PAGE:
Brittany Travers, an investigator at the UW-Madison Waisman Center, works with a study participant playing a video game designed to help youth with autism improve their balance. The game may also help improve some of their autism-related symptoms. Photo: Andy Manis
Playing a video game that rewards participants for holding various "ninja" poses could help children and youth with autism spectrum disorder (ASD) improve their balance, according to a recent study in the Journal of Autism and Developmental Disorders led by researchers at the University of Wisconsin-Madison.
Balance challenges are more common among people with ASD compared to the broader population, says study lead author Brittany Travers , and difficulties with balance and postural stability are commonly thought to relate to more severe ASD symptoms and impaired activities in daily living.
"We think this video game-based training could be a unique way to help individuals with ASD who have challenges with their balance address these issues," says Travers, an investigator at UW-Madison’s Waisman Center and an assistant professor of kinesiology.
In this pilot study - the largest ever to look at the effects of balance training on individuals with ASD - 29 participants between the ages of 7 and 17 with ASD completed a six-week training program playing a video game developed by the researchers.
By the end of the program, study participants showed significant improvements in not only their in-game poses but also their balance and posture outside of the game environment.
According to Travers, balance improvements outside the video game context are especially important. "Our participants are incredibly clever when it comes to finding ways to beat video games!" she says. "We wanted to make sure that the improvements we were seeing were truly balance-related and not limited to the video game."
Ten out of 11 study participants who completed a post-game questionnaire also said they enjoyed playing the video games.
"We always aim to make the interventions fun," says Travers. "We have couched a rigorous exercise (by the end of some gaming sessions, participants had been standing on one foot for 30 minutes) in a video game format, so we were delighted to hear that the participants enjoyed the game."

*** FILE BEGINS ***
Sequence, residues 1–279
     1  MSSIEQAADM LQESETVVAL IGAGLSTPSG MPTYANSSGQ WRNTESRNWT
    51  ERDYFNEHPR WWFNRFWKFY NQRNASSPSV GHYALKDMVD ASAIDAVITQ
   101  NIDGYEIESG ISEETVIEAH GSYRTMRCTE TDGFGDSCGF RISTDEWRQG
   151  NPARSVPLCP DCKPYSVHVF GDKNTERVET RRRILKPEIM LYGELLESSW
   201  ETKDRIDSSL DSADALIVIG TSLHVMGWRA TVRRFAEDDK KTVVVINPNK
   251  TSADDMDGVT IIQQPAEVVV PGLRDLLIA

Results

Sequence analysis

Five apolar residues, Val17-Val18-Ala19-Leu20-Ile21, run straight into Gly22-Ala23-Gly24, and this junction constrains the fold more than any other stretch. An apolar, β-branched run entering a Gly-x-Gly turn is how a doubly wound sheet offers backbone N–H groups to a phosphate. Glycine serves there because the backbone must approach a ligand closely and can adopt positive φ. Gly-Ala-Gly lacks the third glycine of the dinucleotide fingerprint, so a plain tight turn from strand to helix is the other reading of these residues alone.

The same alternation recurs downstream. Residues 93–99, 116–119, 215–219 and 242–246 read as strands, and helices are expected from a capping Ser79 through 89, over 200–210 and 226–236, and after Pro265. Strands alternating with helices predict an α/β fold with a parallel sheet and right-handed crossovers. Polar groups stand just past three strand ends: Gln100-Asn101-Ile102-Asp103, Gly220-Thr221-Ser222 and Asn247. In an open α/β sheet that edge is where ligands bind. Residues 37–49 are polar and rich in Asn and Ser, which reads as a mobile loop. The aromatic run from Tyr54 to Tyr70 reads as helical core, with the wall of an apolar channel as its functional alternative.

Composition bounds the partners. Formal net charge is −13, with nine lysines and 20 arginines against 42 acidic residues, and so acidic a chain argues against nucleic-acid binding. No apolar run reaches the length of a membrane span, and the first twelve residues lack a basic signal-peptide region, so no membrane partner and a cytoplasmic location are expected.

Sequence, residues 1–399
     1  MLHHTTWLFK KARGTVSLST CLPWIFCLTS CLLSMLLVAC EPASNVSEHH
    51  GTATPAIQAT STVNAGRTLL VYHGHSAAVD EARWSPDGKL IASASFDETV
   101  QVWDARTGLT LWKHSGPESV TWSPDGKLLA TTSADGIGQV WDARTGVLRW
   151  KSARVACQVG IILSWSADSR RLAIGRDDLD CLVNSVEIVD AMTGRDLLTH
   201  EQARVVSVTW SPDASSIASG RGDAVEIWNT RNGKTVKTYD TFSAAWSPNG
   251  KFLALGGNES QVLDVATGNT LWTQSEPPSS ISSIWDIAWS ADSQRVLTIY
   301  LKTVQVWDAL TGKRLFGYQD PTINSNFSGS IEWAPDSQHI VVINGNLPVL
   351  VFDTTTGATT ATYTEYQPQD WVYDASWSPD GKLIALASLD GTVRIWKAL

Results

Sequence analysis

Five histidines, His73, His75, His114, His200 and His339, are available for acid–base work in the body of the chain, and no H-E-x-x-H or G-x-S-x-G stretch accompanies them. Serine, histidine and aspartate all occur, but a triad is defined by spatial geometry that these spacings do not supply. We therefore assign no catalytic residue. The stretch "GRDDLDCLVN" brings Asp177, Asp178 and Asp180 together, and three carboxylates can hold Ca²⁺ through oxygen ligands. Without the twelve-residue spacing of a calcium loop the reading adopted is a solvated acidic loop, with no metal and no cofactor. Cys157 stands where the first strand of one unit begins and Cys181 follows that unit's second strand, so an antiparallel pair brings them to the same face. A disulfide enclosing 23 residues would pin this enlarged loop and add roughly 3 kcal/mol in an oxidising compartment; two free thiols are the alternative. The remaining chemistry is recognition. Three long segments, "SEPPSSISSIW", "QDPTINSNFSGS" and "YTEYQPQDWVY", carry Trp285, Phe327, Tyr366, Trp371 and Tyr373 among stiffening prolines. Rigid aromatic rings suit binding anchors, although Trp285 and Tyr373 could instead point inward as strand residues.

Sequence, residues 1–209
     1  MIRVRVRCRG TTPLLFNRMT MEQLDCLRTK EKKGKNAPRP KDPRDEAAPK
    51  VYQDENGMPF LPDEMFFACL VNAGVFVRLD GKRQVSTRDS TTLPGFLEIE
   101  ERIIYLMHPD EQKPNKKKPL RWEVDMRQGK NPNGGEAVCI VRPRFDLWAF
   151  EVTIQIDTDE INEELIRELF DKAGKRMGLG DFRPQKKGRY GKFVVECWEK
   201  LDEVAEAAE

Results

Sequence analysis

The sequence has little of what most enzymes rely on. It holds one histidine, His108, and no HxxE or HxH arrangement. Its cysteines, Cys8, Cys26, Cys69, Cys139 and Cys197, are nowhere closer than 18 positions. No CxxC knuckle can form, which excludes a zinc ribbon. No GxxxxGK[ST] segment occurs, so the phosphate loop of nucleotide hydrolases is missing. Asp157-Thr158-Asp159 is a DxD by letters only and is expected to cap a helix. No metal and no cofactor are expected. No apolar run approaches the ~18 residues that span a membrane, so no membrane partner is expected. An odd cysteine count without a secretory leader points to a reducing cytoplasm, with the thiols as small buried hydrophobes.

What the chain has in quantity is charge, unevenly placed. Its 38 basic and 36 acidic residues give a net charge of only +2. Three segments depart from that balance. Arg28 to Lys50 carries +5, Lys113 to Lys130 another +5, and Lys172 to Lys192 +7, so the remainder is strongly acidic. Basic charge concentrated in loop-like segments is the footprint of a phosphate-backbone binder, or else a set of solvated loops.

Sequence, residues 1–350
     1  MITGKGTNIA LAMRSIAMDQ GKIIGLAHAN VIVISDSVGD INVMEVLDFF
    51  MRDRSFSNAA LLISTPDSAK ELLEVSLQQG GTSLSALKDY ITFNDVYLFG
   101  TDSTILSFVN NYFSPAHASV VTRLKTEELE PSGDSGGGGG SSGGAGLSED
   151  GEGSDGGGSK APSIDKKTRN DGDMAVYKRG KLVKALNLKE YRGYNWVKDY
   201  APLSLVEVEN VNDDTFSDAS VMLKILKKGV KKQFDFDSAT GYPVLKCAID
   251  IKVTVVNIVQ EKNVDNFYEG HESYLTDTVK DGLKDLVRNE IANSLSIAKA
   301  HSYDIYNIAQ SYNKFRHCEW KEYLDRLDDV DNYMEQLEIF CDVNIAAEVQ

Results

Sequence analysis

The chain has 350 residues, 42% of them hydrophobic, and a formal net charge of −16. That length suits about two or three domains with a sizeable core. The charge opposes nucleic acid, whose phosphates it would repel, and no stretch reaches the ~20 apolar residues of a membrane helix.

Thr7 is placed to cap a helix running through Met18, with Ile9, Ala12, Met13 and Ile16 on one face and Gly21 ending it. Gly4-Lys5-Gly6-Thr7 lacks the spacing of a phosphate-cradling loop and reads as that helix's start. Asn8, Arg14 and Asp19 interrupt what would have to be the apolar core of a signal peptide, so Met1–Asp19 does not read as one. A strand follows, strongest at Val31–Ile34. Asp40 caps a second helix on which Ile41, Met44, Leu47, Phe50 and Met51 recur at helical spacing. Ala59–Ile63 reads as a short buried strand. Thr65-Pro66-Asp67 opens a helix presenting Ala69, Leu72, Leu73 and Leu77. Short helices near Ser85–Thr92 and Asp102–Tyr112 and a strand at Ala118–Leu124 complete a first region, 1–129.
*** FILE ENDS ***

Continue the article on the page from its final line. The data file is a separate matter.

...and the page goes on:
Travers developed the video game with help from Andrea Mason, professor of kinesiology at UW-Madison, Leigh Ann Mrotek, professor of kinesiology at UW-Oshkosh and Anthony Ellertson, program director of gaming and interactive technology at Boise State University.
The gaming system uses a Microsoft Kinect camera and a Nintendo Wii balance board connected to software developed on a Windows platform using Adobe Air.
"Players see themselves on the screen doing different ’ninja’ poses and postures, and they are rewarded for doing those poses and postures; that’s how they advance in the game," says Travers.
"We always aim to make the interventions fun … so we were delighted to hear that the participants enjoyed the game."
The study also explored individual differences that might predict who would benefit most from this type of video game-based balance training.
For example, the study showed that participants with some characteristics, such as ritualistic behaviors (like the need to follow a set routine around mealtimes or bedtime) did not benefit as much from the video game as those without these behaviors.
On the other hand, some characteristics, such as body mass index or IQ, did not influence whether a participant benefited from balance training.
"There is a lot of variability in the clinical profile of ASD, and it’s unlikely that there will be a one-size-fits-all approach for balance training that helps all individuals with ASD," says Travers.
Researchers are working to make the game more accessible to different individuals within the autism spectrum. "We already have some features that help - the game has very little verbal instruction, which should make it more accessible to individuals who are minimally verbal," says Travers. "Ultimately, we would like to move this video game-based training outside the lab."
This work was supported by the Brain and Behavior Research Foundation’s NARSAD Young Investigator Grant, the Hartwell Foundation’s Individual Biomedical Research Award, the University of Wisconsin System’s WiSys Technology Foundation, and the Eunice Kennedy Shriver National Institute of Child Health and Human Development [P30 HD003352, U54 HD090256 and T32 HD007489].++